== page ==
The story picks up at the point where "The Robe (1953)" ends, following the martyrdom of Diana and Marcellus. Christ's robe is conveyed to Peter for safe-keeping, but the emperor Caligula ... See full summary »
In 1877, Tahiti secretly plans to revolt against France, aided by British gun-runners who are no match for police commissioner Duvois. Now, prosperous American Mike Macklin is persuaded by Queen Pomare to help. As an excuse for sailing to San Francisco, he must enlist a "wife" of convenience; enter gold-digging showgirl Wanda Spence. Will Mike tame her or ignore her in favor of inauthentic dancer Mawaii? A hurricane's brewing, the natives are restless...and so is the volcano! Written by
Rod Crawford <firstname.lastname@example.org>
Exciting romance about the attempt of the Queen of Tahiti to liberate her islands from the French.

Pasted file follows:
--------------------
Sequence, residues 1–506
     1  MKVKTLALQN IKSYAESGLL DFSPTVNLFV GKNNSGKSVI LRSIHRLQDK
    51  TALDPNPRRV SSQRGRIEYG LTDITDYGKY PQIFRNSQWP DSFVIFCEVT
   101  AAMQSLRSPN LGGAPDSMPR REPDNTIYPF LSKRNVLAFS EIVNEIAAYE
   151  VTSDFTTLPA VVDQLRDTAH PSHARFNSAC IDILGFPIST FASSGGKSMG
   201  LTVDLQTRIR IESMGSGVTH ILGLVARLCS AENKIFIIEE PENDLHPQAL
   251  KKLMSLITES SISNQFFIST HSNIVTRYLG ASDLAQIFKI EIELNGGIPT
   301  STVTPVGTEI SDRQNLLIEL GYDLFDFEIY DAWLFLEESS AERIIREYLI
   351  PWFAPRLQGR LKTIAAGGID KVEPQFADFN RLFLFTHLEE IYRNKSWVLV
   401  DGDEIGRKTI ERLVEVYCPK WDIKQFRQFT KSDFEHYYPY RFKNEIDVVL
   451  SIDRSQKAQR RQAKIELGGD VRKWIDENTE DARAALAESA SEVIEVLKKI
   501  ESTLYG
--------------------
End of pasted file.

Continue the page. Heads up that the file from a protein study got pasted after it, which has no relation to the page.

This is a delightful little adventure/romance which could just as easily have fit Bogie and Bacall, though I doubt if they could have done better than O'Keefe and Medina. O'Keefe is great as the tough American merchant in Tahiti who turns out to be a sucker for the underdog, and joins Queen Pomare's attempt to import guns from San Francisco in order to start a revolution against the French. In order to allay the French Commissioner's suspicions, he states that he is only going to Frisco to get married, but the Commissioner unexpectedly decides to accompany him, in order to be best man at his wedding. The shenanigans that occur as O'Keefe tries to find a woman to play the part of his intended bride while he is secretly obtaining guns, and the love/hate relationship that develops between he and Medina. under the watchful eye of the suspicious Commissioner are delightful, and Francis L. Sullivan deserves a lot of credit for his performance as the lovable but shrewd Commissioner, as well. Very entertaining!
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